That’s our weekly podcast dedicated to our fellow professionals in the construction business.
This week we’re learning about a future in the Electrical Engineering field with Gary Golka.
Catch our full interview with Gary, as well as podcasts on a whole bunch of other topics, at CareyBrosPros.com!
Shop for Yard Equipment like a Pro
Are you itching to get outside and do some yard work, you’re waiting for the weather to clear up? Well, nothing rains on your proverbial parade more than not having the right equipment for the job.
Fortunately, you have the Outdoor Power Equipment Institute’s list of things to know when shopping for outdoor equipment.
Click here to learn more at Cameron’s Corner!
The Verdict on Vented vs. Non-Vented Range Hoods
And what to look for when shopping for a range hood
The thing about cooking—especially frying and grilling—is that it can kick up a lot of smoke, grease, and lingering food smells. A range hood helps keep the air in your kitchen clean.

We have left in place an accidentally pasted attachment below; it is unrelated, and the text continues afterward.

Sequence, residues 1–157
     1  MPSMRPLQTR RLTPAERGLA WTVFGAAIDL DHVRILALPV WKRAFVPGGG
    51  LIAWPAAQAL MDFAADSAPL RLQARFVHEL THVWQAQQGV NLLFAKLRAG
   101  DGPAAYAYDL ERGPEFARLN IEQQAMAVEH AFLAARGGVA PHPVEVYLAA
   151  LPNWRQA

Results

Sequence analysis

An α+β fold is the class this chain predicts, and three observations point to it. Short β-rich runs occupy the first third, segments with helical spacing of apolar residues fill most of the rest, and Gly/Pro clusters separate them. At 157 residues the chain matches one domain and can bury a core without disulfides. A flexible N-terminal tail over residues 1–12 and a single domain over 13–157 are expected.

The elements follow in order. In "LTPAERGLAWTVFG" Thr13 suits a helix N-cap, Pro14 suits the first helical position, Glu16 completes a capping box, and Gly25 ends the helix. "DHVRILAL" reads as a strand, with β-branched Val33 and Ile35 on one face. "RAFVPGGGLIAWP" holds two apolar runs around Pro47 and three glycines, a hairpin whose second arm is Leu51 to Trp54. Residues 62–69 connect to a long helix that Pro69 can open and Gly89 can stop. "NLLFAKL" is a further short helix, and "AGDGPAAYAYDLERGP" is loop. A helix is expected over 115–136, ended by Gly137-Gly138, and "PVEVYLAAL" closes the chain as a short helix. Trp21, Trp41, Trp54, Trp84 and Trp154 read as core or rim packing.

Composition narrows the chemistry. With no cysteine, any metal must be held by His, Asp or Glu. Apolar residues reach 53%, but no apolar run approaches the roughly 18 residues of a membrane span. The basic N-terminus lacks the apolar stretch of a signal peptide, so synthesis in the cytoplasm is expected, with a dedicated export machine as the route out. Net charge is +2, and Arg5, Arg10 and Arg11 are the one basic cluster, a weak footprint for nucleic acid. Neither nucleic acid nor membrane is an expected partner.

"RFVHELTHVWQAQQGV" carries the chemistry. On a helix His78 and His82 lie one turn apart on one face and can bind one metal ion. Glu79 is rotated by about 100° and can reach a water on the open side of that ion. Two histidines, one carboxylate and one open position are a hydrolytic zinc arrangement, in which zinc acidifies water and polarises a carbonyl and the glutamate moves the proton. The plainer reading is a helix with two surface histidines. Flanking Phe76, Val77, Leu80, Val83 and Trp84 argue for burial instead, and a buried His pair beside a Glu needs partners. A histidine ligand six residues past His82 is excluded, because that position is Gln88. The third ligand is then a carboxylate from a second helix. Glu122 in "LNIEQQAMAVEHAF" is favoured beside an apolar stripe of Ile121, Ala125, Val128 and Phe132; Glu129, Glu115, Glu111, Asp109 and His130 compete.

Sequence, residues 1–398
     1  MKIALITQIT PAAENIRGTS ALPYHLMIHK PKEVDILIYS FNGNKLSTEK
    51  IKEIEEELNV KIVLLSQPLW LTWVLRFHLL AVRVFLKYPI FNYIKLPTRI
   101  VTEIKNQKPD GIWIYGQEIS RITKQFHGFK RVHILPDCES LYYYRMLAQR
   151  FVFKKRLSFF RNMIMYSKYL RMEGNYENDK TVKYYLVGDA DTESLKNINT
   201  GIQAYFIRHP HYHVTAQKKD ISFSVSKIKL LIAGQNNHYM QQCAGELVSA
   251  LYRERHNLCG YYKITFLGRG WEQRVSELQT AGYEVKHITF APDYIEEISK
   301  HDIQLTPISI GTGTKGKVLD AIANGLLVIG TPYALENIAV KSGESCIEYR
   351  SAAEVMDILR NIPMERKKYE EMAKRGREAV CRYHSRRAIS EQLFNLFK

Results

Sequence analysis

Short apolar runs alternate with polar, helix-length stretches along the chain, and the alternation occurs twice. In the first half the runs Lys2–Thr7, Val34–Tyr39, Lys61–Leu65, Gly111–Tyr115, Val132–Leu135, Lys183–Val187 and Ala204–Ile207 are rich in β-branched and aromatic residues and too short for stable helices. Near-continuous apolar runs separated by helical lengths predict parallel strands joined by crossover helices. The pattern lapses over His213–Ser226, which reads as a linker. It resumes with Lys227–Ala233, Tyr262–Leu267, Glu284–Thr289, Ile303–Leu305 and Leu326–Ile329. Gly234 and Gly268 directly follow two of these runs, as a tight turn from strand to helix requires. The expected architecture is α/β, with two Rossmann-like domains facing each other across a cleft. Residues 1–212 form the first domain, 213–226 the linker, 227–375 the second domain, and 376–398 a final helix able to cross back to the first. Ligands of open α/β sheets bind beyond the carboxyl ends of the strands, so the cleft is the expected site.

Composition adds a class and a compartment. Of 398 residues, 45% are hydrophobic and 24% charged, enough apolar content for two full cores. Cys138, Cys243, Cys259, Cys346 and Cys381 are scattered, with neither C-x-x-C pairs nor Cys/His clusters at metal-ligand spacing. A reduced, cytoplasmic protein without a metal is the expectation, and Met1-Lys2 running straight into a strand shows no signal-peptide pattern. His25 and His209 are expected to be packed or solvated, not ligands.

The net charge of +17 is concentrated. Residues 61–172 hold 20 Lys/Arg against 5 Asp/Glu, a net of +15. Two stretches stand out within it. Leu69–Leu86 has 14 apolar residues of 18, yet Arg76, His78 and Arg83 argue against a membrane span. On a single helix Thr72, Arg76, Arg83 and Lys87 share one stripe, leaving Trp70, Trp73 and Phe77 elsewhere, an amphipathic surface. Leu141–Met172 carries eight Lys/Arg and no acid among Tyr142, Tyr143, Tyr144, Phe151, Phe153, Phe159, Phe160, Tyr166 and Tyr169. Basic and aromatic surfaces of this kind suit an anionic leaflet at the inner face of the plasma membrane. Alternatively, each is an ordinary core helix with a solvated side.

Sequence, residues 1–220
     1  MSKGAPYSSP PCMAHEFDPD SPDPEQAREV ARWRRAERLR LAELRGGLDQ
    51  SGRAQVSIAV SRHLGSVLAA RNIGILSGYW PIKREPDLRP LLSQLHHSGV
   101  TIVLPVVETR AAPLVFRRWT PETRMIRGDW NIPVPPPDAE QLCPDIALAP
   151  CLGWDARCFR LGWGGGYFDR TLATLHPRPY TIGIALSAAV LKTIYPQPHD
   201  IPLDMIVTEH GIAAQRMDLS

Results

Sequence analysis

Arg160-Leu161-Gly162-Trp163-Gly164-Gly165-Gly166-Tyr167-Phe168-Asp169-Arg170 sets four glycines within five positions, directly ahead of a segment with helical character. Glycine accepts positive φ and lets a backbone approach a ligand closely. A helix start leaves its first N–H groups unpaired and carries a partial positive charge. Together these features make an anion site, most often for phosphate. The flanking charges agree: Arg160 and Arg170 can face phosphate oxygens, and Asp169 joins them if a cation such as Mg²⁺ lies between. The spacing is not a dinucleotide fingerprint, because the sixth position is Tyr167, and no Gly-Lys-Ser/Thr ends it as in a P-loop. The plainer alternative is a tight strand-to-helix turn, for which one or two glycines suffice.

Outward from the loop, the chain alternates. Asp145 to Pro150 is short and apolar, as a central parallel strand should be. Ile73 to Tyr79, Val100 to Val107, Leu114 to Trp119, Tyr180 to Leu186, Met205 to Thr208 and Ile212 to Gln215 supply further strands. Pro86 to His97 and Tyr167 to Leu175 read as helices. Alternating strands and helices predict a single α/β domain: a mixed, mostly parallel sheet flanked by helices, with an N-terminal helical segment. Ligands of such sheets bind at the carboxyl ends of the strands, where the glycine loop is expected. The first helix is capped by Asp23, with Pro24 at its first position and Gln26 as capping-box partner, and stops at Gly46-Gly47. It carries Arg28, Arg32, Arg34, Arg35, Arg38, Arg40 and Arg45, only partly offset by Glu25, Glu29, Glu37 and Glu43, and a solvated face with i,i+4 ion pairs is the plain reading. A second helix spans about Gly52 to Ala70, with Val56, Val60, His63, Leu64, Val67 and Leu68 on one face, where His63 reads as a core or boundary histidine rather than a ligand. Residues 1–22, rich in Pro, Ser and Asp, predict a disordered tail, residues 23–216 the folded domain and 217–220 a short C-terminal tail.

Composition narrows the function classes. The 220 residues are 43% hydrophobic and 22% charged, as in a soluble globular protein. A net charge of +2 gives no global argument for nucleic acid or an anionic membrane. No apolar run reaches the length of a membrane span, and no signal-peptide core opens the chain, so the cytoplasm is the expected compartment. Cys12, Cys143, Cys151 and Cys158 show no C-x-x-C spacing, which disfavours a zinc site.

What are the different types of range hoods?
- Range Hoods
- Downdraft Systems
- Microwaves with Build-In Hoods
What do I need to consider when I’m buying a range hood (unvented or vented)?
There are a number of factors to weigh, depending on the size and layout of your kitchen, and the type of cooking you do. Some things to consider:
- Cubic Feet per Minute
- Noise level
- Type of filters
You’ll also want to consider such features as adjustable fan speeds and lighting levels (usually halogen or LED), and perhaps automatic shutoff. As always, look for product reviews on consumer websites, and read user comments on the retail sites before you buy.